Etoposide, an inhibitor of topoisomerase II that induces DNA damage and can trigger cell death, is used as a chemotherapeutic agent. Because chemotherapies can result in neurological complications and because DNA damage in neurons is implicated in the pathogenesis of several neurodegenerative disorders, we studied the effects of etoposide on cultured hippocampal neurons. We found that etoposide induces neuronal apoptosis and that, prior to the cell death commitment point, there is an increase in whole-cell α-amino-3-hydroxy-5-methyl-isoxazole-4-propionate (AMPA)-induced current but no change in N-methyl-D-aspartate (NMDA)-induced current. Associated with the increase in AMPA-induced current was an increase in the amounts of AMPA receptor subunits GluR1 and GluR4, whereas levels of the NMDA receptor subunit NR1 were unaffected by etoposide. AMPA receptor activation can result in excitotoxic cell death but can also activate signaling pathways that promote synaptic plasticity and cell survival. We found that etoposide increases the activation of p42 and p44 mitogen-activated protein (MAP) kinases, and that activation of the MAP kinases by etoposide requires AMPA receptor activation. Pharmacological blockade of AMPA receptors and p42/p44 MAP kinases, but not of NMDA receptors, exacerbated etoposide-induced cell death. These findings suggest that, although etoposide is neurotoxic, it also activates a cell survival pathway involving AMPA receptor-mediated activation of p42/p44 MAP kinases. Agents that selectively inhibit the cell life or death pathways triggered by DNA damage may prove useful in the settings of cancer and neurodegenerative disorders, respectively.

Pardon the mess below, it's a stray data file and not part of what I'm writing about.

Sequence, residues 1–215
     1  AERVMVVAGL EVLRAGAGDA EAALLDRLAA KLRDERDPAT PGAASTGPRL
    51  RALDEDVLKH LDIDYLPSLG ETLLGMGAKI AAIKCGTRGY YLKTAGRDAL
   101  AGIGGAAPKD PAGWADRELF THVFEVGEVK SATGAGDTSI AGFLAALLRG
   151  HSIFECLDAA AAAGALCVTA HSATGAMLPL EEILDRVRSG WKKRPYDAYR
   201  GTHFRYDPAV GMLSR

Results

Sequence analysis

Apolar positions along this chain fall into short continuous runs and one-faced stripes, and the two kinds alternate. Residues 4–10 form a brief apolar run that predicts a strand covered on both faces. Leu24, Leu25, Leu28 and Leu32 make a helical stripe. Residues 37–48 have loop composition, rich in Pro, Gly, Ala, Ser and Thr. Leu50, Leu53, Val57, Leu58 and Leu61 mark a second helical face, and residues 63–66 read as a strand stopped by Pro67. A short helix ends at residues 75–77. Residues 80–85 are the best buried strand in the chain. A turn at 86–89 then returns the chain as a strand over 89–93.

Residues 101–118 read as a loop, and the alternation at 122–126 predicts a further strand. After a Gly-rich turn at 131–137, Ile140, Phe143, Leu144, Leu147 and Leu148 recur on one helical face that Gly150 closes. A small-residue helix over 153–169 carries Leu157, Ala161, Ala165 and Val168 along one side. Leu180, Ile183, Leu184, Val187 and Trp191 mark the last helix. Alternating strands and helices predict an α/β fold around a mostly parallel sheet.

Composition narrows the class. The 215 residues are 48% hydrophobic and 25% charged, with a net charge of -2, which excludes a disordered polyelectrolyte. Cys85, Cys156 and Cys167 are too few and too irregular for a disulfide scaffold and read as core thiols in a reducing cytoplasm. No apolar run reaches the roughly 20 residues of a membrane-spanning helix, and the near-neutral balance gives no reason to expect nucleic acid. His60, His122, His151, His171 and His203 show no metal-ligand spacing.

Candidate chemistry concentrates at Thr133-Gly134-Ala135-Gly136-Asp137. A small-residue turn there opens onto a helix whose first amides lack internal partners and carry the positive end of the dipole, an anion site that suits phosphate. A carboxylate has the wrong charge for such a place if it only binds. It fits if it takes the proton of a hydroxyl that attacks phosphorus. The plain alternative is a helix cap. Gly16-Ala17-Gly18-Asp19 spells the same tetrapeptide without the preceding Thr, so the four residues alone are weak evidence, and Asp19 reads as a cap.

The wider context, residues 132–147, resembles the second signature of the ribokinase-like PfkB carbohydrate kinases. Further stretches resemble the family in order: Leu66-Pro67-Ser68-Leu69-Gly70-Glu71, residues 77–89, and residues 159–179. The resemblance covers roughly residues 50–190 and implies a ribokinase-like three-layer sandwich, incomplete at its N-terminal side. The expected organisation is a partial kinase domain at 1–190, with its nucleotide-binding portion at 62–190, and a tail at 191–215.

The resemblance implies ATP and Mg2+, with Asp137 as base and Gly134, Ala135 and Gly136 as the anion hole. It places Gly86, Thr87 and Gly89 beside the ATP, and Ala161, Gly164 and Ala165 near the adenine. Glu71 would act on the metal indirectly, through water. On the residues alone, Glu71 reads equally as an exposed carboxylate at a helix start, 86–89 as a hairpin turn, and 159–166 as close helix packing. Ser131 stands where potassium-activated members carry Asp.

- Alzheimer's disease
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